The experiment Michael Faraday devised in 1831 to bring about the conversion of magnetism to electricity, also known as electromagnetic induction, sounds very simple.
In time, it led to the huge generators used today to make electric power.
First, Faraday made a conductor for the electricity by winding 220 feet of copper wire around a cardboard cylinder. The ends of the wire were connected to a galvanometer, an instrument that detects electricity.
He then simply pushed a bar magnet into the cylinder and saw the needle on the galvanometer jump. When he removed the magnet, the needle jumped again in the opposite direction.
This proved that magnetism produces electricity, but Faraday was disappointed. He was looking for a constant flow, not just a jolt.
He noticed that if he kept pushing the magnet in and out of the cylinder, the needle kept jumping. It was the motion between the conductor and the magnet that created a constant flow.
The solution to that problem would be almost as simple.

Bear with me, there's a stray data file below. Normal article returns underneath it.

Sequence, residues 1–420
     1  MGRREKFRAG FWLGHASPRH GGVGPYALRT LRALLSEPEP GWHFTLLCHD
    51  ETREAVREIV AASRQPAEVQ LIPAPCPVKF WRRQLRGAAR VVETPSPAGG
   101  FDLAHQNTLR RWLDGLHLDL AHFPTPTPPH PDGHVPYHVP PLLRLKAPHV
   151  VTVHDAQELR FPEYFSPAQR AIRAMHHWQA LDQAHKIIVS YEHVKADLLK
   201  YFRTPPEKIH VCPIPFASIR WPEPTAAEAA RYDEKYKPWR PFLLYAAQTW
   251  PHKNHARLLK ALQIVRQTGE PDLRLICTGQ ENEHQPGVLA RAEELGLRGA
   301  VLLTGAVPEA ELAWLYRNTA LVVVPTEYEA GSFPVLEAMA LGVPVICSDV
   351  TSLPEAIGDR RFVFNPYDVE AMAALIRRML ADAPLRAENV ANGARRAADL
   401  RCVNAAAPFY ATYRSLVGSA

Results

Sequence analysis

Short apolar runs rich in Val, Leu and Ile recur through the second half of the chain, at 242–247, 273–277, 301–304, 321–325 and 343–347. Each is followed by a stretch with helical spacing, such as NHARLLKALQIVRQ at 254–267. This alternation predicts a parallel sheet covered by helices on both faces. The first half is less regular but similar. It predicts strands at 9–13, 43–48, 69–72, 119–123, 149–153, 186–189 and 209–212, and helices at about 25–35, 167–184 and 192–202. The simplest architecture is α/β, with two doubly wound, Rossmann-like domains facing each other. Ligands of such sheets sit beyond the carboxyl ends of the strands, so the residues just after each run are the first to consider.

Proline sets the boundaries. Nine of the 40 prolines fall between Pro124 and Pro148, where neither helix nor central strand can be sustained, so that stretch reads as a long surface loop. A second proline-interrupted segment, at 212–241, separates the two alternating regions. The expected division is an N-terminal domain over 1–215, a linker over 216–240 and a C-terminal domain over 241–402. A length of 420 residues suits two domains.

Faraday mounted a large copper disk about 1 foot in diameter and 1/4 inch thick on a brass axle. He placed it between the poles of the largest magnet he could find.
Then he attached two pieces of copper to the apparatus so that one was in contact with the copper disk and one was in contact with the brass axle, like brushes. The copper brushes were attached to an electric meter. He attached a handle to the brass axle and made the axle spin.
It worked. This was the first electric generator.
Faraday’s work with Humphry Davy led to Faraday’s laws of electrolysis. Electrolysis is using electricity to decompose compounds into their elements.
Davy had discovered many elements in this way, including potassium, sodium, and calcium.